VHXM003 left Hoax on 15th October, not to return to them. Due to the fact that he immigrated into Moomins, his LEFT entry on 15th October at Hoax was corrected to EM, in retrospect. He immigrated into Moomins on 17th October and assumed dominance, but was last observed there on 19th October, together with the other Moomins males and the younger females; yet he did not join the Moomins splinter group that left the monitored area. LH conclusion: He, like all males had two months to turn up in the population and so his emigration and last seen date was entered two months later in the Life History database. For technical reasons, he is entered as LSEEN in the January monthly report only (should be December report).

Lost groups

There is no set protocol for last seeing groups – it is at the discretion of the field management after consulting with Tim Clutton-Brock.

With Hoax, the researchers were hoping to re-find VHXF004 and the group – the problem being that a subordinate, VWF076, had the radio collar so there was always the possibility of her being evicted from the group (with Hoax, the researchers had no choice but to put the collar on VWF076 because VHXF004 was so difficult to habituate). VWF076  was followed throughout December in the hope that she might return to the group or lead the researchers to VHXF004. This is why the researchers only decided to LSEEN Hoax at the end of December, after VWF076 had moved a considerable distance from the former Hoax territory. In the Life history database, Hoax are thus retrospectively put as LSEEN on 7th November 2007, and with the November monthly report already written, they should no longer appear in the December monthy report.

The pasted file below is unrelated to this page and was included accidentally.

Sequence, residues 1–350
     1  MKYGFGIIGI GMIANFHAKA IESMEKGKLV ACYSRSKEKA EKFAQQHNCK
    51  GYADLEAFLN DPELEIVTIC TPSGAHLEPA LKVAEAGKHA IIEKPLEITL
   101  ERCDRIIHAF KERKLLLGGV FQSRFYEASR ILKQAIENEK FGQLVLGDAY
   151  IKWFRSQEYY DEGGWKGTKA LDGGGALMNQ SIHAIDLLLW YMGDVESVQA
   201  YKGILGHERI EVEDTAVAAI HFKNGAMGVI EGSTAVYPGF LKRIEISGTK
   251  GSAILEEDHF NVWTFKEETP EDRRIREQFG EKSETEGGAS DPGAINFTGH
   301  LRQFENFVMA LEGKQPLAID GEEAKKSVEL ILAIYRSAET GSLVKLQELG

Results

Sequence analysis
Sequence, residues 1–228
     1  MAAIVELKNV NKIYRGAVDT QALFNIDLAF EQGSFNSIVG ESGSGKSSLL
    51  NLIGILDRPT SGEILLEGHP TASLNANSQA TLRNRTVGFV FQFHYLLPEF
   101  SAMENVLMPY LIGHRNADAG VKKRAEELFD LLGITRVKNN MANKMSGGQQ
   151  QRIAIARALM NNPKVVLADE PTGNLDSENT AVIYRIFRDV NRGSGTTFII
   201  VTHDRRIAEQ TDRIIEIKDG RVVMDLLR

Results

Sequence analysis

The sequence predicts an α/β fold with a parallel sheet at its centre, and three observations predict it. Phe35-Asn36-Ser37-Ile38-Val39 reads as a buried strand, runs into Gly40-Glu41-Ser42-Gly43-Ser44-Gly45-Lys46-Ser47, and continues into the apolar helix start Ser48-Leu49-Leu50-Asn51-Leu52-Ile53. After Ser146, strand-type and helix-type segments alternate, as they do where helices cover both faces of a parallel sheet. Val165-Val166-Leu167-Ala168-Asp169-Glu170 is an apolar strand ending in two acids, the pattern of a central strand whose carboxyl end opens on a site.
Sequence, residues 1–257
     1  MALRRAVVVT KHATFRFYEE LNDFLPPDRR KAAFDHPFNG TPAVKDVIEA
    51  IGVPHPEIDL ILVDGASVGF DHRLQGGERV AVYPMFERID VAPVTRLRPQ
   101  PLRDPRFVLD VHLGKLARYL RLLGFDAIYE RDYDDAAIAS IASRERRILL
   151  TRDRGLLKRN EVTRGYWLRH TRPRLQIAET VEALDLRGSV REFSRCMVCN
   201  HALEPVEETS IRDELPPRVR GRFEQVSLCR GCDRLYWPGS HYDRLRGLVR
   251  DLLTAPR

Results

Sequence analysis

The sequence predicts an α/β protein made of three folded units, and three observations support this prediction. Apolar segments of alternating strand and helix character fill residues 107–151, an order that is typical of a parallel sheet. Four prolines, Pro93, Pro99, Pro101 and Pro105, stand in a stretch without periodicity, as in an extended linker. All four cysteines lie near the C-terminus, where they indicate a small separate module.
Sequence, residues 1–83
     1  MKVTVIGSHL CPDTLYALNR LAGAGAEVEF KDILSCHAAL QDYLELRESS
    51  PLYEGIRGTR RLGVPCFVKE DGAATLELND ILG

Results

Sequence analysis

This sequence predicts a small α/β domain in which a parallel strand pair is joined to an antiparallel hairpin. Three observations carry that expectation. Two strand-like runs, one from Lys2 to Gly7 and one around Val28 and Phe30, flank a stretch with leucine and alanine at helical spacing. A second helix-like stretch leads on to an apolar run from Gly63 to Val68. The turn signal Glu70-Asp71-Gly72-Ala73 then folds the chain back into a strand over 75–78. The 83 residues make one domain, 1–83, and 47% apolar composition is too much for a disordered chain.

The flexibility when it comes to declare a group LSEEN can be seen when comparing Vivian and Young Ones. Observation of the Vivian group was actively stopped, after their dominant female VVF029 disappeared, and no other female was acting dominant, while most males had dispersed. The date the group was considered LSEEN in the Life History database thus coincides with the day the radio collar was removed, and the remaining individuals were declared last seen.
The Young Ones group, however, are not yet considered lost, but missing: The two females both wore a radio collar, but neither them nor the poorly habituated, recently immigrated wild males could be tracked after 12th November 2007. Radio-tracking still continues throughout January. As there is no set protocol for last seeing groups, Young Ones will be declared last seen when the field management and Tim Clutton-Brock decide that it is not likely that they will be found and all tracking possibilities are exhausted.  So if they are not located again, the group will retrospectively be marked as last seen on the date that they were physically last observed, i.e. as per 12th November.
The Young Ones males VM129 and VYM130 that left when the wild males immigrated have been marked as EM in Young Ones (and are currently followed under the name of ‘Chuckle Brothers’, but are not considered a group since they lack a dominant female). The former dominant male of Young Ones, VVM037, was found dead after the group disappeared.